Volatility has been on the rise over the past five days, and on Friday it really perked up to the tune of an 11.6% jump (click to enlarge images):
Volatility has trended downward since October's peak but it has surged in recent days
This spike in volatility off the bottom sent me scrambling for a fresh bearish play. I have tracked Google (GOOG) more closely ever since the hype in Facebook's IPO sent almost all things internet reaching for the moon. GOOG did not experience a large surge until Monday, February 6. Volume has tapered off quickly since then, and the stock has been unable to penetrate overhead resistance at the 50-day moving average (DMA). (Technicians will also note in the chart below that GOOG's stochastics have turned overbought as well - very ominous given the proximity to resistance).
Google struggles to make more progress after a one-day surge
With one week to go until expiration, put options offer an attractive set-up for playing the potential for GOOG to sell-off next week.
Source: Yahoo Finance
A modest 1.5% drop by Friday takes GOOG to $597. The $605 puts have the lowest strike providing a profit at that point. However, the roughly $160 profit comes with a high capital risk of $640 (25% gain). This is not attractive for a speculative options play. If GOOG loses 2.5%, a drop to $591, the $760 profit (119%) is much more attractive. Still, I do not want to place so much capital at risk. Climbing down the ladder to the $595 put generates much lower capital risk for much lower gain and a complete loss if GOOG only sells off 1.5%. For around the same capital risk of $300, I can buy a 585/600 put spread (buying $600 puts and selling $585 puts in a 1:1 ratio) that will act the same as buying the $600 put outright under the 1.5 to 2.5% sell-off scenarios. Conveniently, the 1.5% drop generates break-even results. A 2.5% drop generates a 200% profit. These calculations use the average between bid/ask and exclude commission costs.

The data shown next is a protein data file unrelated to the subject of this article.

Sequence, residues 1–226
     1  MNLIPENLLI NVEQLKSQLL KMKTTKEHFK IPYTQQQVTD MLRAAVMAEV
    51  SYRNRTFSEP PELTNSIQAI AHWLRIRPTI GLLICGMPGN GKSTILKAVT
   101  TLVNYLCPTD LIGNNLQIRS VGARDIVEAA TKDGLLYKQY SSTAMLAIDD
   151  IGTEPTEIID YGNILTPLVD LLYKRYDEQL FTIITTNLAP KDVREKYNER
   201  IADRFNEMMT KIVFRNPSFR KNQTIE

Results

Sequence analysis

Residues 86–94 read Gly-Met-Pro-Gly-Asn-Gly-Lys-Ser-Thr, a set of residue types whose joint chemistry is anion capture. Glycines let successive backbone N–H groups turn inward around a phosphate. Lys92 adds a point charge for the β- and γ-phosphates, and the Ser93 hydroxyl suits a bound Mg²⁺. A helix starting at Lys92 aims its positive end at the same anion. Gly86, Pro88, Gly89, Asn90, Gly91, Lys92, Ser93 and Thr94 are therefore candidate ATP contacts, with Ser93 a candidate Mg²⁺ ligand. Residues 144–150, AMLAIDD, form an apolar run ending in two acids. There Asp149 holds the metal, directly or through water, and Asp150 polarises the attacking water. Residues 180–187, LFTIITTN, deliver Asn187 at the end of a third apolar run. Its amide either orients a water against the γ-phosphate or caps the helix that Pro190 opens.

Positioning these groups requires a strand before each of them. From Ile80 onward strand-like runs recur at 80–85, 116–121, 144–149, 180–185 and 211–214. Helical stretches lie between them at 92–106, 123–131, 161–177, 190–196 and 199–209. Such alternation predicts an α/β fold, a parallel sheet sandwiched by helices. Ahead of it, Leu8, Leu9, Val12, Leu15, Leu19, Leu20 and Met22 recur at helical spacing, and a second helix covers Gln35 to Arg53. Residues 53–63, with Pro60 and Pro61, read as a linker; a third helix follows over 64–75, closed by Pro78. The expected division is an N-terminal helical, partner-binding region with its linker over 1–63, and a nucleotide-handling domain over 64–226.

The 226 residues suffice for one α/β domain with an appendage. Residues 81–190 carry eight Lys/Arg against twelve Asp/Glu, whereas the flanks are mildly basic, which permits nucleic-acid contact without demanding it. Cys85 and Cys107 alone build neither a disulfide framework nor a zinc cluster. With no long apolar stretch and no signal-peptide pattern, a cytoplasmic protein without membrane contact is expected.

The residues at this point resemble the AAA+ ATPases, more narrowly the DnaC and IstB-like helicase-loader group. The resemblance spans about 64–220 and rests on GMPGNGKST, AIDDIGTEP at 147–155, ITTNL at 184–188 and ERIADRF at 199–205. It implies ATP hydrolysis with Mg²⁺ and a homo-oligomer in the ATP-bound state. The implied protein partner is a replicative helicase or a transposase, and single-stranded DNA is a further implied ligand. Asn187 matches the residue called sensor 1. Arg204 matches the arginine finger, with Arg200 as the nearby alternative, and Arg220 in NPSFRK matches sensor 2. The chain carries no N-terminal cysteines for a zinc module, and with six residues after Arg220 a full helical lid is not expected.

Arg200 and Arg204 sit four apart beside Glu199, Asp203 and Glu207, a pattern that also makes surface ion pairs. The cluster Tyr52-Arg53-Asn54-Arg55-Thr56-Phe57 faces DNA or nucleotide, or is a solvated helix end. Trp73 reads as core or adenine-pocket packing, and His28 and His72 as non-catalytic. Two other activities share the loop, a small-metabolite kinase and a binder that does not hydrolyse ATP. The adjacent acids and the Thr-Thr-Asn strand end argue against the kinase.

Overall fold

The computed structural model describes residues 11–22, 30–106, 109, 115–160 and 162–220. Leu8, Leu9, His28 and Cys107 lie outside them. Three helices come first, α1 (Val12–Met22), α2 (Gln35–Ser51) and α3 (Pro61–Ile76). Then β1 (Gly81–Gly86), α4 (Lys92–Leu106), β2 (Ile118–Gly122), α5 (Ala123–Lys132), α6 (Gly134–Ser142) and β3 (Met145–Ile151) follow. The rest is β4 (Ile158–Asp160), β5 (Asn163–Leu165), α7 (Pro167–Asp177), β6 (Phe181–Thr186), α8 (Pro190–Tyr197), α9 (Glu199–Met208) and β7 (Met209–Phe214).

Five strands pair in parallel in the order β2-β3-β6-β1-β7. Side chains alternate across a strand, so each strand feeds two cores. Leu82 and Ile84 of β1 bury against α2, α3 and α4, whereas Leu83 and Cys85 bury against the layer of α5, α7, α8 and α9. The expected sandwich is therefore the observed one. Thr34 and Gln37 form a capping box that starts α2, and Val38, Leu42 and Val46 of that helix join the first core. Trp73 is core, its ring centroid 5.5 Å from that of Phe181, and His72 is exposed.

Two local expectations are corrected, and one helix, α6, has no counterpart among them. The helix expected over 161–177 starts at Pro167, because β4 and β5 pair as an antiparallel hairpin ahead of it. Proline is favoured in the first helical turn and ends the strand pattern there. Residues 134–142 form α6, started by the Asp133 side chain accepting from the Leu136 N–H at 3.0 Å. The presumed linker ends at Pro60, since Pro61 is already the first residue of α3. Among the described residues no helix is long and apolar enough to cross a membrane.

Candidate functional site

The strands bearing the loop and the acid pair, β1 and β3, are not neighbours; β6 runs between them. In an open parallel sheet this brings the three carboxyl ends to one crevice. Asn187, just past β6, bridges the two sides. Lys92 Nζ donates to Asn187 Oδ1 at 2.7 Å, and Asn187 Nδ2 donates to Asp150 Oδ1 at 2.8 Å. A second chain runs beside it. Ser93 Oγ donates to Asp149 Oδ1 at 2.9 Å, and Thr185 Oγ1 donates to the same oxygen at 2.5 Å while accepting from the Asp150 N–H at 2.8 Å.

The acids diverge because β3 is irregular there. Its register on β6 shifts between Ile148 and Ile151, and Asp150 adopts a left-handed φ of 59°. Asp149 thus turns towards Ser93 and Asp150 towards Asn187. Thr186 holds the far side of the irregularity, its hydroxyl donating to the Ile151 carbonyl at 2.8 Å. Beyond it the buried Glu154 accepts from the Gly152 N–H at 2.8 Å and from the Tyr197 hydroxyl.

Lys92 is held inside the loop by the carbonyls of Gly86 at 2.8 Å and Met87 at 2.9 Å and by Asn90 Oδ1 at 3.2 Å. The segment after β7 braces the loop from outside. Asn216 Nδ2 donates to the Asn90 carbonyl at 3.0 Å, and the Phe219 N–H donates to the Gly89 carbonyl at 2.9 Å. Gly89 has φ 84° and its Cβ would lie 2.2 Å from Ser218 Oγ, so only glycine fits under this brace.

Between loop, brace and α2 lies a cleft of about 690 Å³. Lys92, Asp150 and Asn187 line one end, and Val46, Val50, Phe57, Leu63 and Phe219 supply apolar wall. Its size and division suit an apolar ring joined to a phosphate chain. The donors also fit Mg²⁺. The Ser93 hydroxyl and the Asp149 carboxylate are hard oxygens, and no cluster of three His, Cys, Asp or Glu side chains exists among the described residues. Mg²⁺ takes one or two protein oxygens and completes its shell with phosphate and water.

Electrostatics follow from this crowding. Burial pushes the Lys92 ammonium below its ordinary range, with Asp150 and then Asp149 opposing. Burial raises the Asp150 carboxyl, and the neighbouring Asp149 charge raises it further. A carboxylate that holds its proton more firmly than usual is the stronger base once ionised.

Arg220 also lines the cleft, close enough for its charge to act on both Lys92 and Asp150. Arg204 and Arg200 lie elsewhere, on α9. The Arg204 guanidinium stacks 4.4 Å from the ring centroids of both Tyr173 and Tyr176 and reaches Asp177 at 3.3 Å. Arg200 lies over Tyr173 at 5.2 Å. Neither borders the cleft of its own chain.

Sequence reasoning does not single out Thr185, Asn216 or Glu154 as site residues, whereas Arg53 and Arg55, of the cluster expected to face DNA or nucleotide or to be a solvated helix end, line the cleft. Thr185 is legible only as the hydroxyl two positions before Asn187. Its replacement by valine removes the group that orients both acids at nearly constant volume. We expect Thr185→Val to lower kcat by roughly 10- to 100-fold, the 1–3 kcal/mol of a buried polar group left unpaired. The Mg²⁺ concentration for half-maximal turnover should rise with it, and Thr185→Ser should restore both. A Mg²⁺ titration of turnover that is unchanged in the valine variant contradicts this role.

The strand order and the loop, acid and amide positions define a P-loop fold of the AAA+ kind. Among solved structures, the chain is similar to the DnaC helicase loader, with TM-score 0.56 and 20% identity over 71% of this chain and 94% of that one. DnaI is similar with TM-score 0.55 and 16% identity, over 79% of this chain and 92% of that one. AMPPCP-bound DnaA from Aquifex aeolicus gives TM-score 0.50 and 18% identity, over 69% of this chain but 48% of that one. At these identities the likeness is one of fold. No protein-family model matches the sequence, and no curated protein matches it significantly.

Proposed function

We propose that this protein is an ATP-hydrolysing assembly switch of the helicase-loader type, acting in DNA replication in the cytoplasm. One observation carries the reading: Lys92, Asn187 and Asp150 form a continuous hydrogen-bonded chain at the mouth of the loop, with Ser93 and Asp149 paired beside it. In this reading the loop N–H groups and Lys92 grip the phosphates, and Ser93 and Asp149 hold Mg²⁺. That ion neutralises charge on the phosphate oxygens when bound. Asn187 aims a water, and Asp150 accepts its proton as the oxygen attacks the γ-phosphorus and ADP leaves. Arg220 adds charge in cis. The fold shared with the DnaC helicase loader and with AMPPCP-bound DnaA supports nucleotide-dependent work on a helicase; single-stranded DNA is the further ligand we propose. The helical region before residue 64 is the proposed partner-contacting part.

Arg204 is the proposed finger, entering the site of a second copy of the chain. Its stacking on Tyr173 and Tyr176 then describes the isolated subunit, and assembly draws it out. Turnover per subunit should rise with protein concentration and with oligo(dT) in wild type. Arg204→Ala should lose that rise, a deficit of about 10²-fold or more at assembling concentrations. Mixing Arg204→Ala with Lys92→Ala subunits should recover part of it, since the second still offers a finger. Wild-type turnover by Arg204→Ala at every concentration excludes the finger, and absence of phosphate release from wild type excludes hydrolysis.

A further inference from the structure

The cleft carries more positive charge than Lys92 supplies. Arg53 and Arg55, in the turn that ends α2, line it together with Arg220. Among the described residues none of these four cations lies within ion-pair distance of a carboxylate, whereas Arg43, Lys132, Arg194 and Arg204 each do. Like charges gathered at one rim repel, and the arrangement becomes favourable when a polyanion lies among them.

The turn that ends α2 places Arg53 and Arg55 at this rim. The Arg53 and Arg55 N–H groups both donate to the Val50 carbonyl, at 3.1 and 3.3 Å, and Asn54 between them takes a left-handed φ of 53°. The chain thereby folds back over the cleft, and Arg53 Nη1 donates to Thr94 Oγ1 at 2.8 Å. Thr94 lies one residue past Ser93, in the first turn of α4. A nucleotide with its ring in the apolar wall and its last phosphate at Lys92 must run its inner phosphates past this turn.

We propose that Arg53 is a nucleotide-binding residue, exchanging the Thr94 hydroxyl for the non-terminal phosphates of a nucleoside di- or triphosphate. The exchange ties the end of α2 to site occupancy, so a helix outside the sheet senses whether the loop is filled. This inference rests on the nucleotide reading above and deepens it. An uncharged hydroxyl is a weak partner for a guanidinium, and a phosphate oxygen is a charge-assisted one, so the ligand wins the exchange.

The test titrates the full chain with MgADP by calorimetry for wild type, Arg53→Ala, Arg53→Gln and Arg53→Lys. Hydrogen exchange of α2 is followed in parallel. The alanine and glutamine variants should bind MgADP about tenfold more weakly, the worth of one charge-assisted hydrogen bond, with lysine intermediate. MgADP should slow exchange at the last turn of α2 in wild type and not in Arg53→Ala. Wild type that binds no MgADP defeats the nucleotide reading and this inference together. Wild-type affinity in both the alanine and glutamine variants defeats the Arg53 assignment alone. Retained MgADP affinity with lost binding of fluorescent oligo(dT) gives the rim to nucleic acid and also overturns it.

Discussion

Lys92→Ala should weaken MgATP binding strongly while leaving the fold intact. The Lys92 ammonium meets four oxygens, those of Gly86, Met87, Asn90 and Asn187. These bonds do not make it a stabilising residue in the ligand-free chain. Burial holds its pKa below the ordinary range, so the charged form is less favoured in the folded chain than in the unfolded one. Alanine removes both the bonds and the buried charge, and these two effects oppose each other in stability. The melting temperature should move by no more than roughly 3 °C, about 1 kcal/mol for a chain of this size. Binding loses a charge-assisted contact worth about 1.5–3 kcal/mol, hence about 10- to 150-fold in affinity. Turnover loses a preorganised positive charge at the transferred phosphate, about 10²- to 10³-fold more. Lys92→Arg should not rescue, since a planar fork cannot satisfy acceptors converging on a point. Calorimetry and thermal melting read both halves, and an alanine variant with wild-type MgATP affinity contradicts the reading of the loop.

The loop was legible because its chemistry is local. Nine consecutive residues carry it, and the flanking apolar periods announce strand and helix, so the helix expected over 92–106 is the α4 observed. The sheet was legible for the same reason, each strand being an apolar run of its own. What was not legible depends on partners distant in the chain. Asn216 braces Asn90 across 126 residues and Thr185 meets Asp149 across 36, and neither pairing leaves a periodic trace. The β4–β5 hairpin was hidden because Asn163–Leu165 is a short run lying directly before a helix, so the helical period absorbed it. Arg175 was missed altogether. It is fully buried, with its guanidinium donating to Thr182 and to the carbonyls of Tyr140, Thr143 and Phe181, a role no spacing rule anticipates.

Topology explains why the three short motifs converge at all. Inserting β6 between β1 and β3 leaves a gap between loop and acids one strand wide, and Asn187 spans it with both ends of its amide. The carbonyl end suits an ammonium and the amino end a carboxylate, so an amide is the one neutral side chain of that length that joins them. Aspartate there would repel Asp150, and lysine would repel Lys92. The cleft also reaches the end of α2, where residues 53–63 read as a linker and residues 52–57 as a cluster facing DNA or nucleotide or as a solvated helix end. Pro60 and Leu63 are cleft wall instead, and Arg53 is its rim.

For reference purposes, I have posted distribution charts of GOOG's 5-day performance over the last four years. It turns out that on any given day, ignoring any special circumstances like earnings or large moves in the general stock market, GOOG is almost as likely to go down as it is to go up for a given performance. The x-axis below represents the top of a performance range that starts with the next lowest number. For example, in the 4-year chart, the 23% on top of the bar at 0.0% on the x-axis means that 23% of the time, GOOG generated a 5-day performance of -2.5% to 0% (exclusive of 0%).
Since this entire speculation on a short-term drop in GOOG's stock rests on the assumption that volatility is signaling much lower prices in the coming week, I decided to hedge my bet with puts (also expiring on Friday) on the iPath S&P 500 VIX Short-Term Futures ETN (VXX). If it turns out this burst of volatility is an aberrant blip, then I am hoping that a rapid resumption of the on-going downtrend will more than compensate for the costs of the GOOG trade.
VXX has trended down with volatility, but it has gained 16% over the last three days
Source for all charts: FreeStockCharts.com
Be careful out there!